If the USS Nimitz, sucked through a wormhole to December 6th, 1941, stops the Japanese attack on Pearl Harbor, America doesn’t enter World War II. If the Nimitz lets it happen, thousands of Americans die.
On concept alone, Final Countdown is among the best time travel movies ever made. That idea is such a powerful lure, it’s enough to overcome the missteps that betray Final Countdown’s narrative potential.
Watching the Nimitz crew wrestle with their reality, even as viewers know the mystery, creates compelling enough scenarios, keeping interest intact. Cold War paranoia leads to worries the Russians launched a nuke, and given the producer’s cooperation with the US Navy, Final Countdown unavoidably feels like a recruitment tool. Dazzling aerial cinematography – no miniatures – adds an authentic base to this fictional fable.
Final Countdown churns an engaging militaristic yarn
Final Countdown churns an engaging militaristic yarn
Before embarking, co-star Michael Sheen passes a Pearl Harbor memorial; he silently fights against his empathy when back in time, knowing what happens, but considering why it must. Final Countdown doesn’t engage with that messy quandary enough. Instead, Final Countdown extols military prowess, making the enemies appear feeble given the intervening decades. It’s frustrating.
Yet Final Countdown finds ways to involve history without sitting its characters in a room to talk exposition. Bringing aboard a Japanese pilot, who takes people hostage, there’s a question of what happens if he’s killed, let go, or allowed to radio back to his commanders. A US senator found alive needed to die at sea, or history’s entire course is altered. Japanese Zeroes launch their attacks, the pressure not on saving the upcoming victims, but rather what the American interference will/would do.
In that, Final Countdown churns an engaging militaristic yarn without wholly committing to its sci-fi concepts. Martin Sheen briefly explains paradoxes, but that’s it. The rest lands on the super stardom of Kirk Douglas, the Nimitz captain, as he brushes off Sheen’s warnings verbally, yet cautiously considers the impact of his own decisions. Tension isn’t found in the action, wherein the modern forces trounce the aged Japanese planes, rather how each motion toward war can dramatically alter future circumstances.
Produced independently, Final Countdown never received a sequel. Given a pre-credits twist, there’s possibilities in another chapter, or just another act. The world Nimitz left in the past follows the ship. Whether they preserved fate or altered it is left ambiguous, slyly standing against aggressive military action – maybe.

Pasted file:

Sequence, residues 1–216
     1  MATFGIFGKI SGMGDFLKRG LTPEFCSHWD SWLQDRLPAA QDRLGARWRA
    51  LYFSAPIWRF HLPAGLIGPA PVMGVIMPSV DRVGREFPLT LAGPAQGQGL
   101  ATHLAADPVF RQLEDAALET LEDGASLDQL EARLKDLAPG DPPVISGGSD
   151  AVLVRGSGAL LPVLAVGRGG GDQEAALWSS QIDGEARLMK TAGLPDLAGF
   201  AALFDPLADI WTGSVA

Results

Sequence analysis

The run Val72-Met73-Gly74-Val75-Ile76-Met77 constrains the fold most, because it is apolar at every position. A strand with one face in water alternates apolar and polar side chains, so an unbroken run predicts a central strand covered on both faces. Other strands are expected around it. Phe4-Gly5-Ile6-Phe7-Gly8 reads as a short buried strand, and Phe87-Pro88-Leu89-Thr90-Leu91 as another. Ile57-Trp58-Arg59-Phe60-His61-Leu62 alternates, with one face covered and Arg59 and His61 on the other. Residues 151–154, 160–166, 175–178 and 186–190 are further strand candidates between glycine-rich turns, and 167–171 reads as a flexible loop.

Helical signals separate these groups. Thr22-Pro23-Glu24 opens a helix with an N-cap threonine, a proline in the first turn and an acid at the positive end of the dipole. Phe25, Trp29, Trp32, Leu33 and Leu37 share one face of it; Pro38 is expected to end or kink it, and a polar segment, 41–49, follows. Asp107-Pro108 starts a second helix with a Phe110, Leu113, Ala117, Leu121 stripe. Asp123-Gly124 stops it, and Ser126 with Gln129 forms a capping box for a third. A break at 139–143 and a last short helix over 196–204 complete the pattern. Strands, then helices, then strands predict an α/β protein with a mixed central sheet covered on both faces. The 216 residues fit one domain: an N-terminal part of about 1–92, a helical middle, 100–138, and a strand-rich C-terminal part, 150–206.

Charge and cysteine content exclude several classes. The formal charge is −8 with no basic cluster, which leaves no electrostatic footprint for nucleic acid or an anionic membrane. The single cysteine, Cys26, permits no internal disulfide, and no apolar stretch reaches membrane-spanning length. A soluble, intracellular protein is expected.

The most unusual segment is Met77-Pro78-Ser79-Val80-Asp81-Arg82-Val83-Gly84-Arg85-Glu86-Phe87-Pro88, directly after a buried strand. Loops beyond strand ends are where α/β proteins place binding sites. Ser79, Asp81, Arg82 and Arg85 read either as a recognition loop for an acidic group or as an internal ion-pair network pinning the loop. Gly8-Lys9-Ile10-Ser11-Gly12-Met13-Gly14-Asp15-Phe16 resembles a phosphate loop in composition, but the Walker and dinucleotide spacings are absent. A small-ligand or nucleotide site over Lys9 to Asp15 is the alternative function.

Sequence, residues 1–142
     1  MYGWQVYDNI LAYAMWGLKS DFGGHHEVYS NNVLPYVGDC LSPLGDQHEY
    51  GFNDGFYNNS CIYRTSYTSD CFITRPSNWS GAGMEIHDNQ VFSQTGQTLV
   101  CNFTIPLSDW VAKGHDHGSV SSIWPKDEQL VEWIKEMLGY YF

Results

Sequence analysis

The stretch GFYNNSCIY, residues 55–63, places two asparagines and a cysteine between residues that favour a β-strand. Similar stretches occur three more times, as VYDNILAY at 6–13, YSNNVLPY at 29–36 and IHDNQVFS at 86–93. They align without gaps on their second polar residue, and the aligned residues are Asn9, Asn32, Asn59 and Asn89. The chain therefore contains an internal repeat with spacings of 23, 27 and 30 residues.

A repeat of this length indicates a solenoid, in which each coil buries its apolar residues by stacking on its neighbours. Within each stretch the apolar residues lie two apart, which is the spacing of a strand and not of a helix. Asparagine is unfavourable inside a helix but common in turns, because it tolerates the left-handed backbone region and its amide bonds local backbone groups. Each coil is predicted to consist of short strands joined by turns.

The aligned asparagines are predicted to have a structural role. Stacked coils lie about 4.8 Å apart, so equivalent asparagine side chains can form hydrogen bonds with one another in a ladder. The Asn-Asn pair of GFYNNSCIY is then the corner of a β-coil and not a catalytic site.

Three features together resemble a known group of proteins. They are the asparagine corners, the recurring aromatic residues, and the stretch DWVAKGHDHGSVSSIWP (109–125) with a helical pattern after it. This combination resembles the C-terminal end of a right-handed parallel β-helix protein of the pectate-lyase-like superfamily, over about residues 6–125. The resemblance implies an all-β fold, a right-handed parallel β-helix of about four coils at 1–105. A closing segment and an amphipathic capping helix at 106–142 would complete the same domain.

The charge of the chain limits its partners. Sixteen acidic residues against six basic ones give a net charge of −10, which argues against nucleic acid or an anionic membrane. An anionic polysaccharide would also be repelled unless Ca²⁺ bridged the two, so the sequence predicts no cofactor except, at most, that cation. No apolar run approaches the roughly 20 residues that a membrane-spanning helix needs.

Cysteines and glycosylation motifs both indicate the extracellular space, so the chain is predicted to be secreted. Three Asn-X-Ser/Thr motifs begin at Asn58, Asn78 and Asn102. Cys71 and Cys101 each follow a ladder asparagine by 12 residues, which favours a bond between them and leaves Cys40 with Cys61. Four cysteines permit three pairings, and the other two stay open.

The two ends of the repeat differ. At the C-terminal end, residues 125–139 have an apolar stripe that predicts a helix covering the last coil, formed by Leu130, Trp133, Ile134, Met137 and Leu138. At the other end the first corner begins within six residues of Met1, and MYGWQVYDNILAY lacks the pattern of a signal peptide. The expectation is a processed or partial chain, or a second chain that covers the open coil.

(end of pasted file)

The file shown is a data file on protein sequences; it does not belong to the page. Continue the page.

Another beautiful effort from Blue Underground, delivering a pristine 4K scan dripping with detail. Definition is everywhere, tightening close-ups, and producing infinite facial texture. Wide shots at sea resolve every tiny wave, and the rivets on ships. Visual effects understandably drop things a notch, but the older compositing still improves when in comparison to Blue Underground’s previous (and included) Final Countdown Blu-ray.
The precise grain structure stays intact throughout, easily resolved by a monster encode. Intense color brings out splendid vibrancy, which means the compression needs to juice itself up. Organic flesh tones exist alongside the vivid colors of deck crew gear, neon yellows and reds both accounted for. Blues and reds on planes or flying flags glow. It’s all calibrated to perfection.
Thanks to an added Dolby Vision pass, sunlight shimmers off the water. Interior lights bring contrast to the various hallways and captain’s deck. The naturally dense shadows take on more heft than before, the occasional lapse hardly worth worrying about since those exist as part of the original cinematography.
Containing the stereo/5.1 DTS-HD from before and a new Atmos track, Blue Underground stretches the military action through the rears and surrounds on the regular. Jets fly around, their engine sounds rolling upward to activate the heights. There’s no doubt this is remixed, even if the accuracy is questionable; it’s sometimes more showy than precise. Sounds fun though, and planes maneuver overhead as they go.
While the score lacks range, fidelity doesn’t suffer. Besides, the ship’s engines produce a solid, stable rumble. Same with the jets as their afterburners kick in. It’s not room-shaking power, but enough to generate a sufficient rumble within turn-of-the-decade ’80s audio.
Extras are carried over from a two-disc limited edition released a few years back (with an additional CD soundtrack and booklet added). A commentary from cinematographer Victor J. Kemper is overshadowed by a fourteen-minute interview with producer Lloyd Kaufman. He holds nothing back in discussing the film and the people in it. Starring the Jolly Rogers is another interview featurette, this one running just over a half hour, talking with the pilots used in the film.
Some trailers are the last extra.
The Final Countdown
A wonderfully conceived moral quandary is The Final Countdown’s highlight, but is dimmed by some Cold War bravado and recruiting-focused action.
User Review( vote)
The following six screen shots serve as samples for our subscription-exclusive set of 48 full resolution uncompressed 4K screen shots grabbed directly from the UHD: